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Anodizing

Anodizing

Functional and decorative finishing of aluminum components as anode in special electrolytes

Aluminum-based alloys are becoming ever more popular as industrial construction materials. The low weight reduces inertia, which in turn saves energy. The disadvantage: aluminum alloys are prone to wear and corrosion.

Technical anodizing is a functional coating solution delivering both protective and decorative results. Technical anodizing is a classic anodizing process performed in acidic electrolyte at a temperature slightly below ambient. An external power source is used, while the workpiece is used as anode.

The surface of the aluminum base material is transformed into aluminum oxide. One third of the coating created with technical anodizing grows out of the metal, whereas two thirds grow into it. That is why the bond between the coating and the base material is extraordinarily strong. What is more, coatings created with technical anodizing can meet different decorative requirements. To this end, preliminary treatments such as pickling, grinding, sandblasting or polishing are performed.

Technical anodizing creates durable coatings in media which are neither too acidic nor too alkaline. Depending on the coating thickness and densification, the coating is even able to temporarily withstand acidic or slightly alkaline attacks. The hardness of coatings created with technical anodizing is influenced by the material composition, especially by the alloy components. Coatings created with technical anodizing increase the wear resistance of aluminum to a significant extent.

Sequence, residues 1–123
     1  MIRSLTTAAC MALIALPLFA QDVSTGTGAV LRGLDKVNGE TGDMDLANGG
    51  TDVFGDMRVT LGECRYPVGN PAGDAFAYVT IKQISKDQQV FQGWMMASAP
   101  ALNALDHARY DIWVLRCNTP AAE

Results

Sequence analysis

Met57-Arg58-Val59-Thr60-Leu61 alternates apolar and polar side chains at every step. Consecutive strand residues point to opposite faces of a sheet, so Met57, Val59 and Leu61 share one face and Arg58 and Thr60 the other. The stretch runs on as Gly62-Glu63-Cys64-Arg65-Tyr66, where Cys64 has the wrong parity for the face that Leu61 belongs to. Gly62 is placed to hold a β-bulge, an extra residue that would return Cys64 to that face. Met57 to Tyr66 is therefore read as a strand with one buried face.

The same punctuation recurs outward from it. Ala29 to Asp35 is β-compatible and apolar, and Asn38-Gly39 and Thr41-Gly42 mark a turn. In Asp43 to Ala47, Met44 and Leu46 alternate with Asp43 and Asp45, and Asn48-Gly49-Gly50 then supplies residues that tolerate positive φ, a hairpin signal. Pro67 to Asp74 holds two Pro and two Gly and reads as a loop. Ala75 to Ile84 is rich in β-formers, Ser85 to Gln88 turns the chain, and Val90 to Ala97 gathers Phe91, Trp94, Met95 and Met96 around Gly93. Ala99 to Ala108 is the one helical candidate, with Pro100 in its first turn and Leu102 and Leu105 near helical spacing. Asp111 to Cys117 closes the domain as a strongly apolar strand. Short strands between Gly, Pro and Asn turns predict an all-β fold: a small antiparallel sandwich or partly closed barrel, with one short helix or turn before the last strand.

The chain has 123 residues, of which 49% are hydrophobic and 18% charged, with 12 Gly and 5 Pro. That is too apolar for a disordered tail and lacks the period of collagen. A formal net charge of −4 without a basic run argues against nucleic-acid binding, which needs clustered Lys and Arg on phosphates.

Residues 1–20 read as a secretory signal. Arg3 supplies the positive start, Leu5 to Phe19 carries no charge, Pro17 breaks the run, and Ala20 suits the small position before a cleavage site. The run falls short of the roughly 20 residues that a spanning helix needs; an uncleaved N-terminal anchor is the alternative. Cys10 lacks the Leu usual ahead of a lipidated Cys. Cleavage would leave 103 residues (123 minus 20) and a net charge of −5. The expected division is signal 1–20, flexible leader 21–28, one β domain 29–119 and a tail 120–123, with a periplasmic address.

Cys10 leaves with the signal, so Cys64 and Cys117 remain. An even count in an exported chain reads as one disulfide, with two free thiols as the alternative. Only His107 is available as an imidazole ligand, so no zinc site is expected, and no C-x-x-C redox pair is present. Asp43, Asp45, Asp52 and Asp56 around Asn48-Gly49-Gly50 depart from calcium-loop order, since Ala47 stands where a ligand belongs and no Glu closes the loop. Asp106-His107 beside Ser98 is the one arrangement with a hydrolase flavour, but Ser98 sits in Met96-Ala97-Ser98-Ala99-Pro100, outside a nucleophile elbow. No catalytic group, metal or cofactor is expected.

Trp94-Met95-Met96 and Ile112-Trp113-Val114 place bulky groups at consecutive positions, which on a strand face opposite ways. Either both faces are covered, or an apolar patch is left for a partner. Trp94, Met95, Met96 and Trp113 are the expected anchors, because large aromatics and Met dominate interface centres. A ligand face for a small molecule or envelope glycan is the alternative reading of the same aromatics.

Be it wrought alloys, cast alloys or die-cast alloys, almost all technically interesting aluminum alloys can be finished with technical anodizing. However, the type of alloy has a major influence on the color of the product to be anodized. It is also possible to deliberately create black oxide coatings. In order for a base material to be recyclable, the finish too needs to fulfill the conditions for recyclability. Anodic coatings, such as those created with technical anodizing, meet this requirement - another advantage offered by this type of protective coating.

  • Ideal protection against wear
  • High corrosion protection
  • Massive breaking strength
  • Excellent tribological properties
  • Protection against cold welding
  • Vibration resistance
  • Extreme temperature stability

Using different electrolytes and process parameters, we allow conductive oxide layers to “grow out” of the material. This process creates excellent structures and thus long-lasting surface finishes.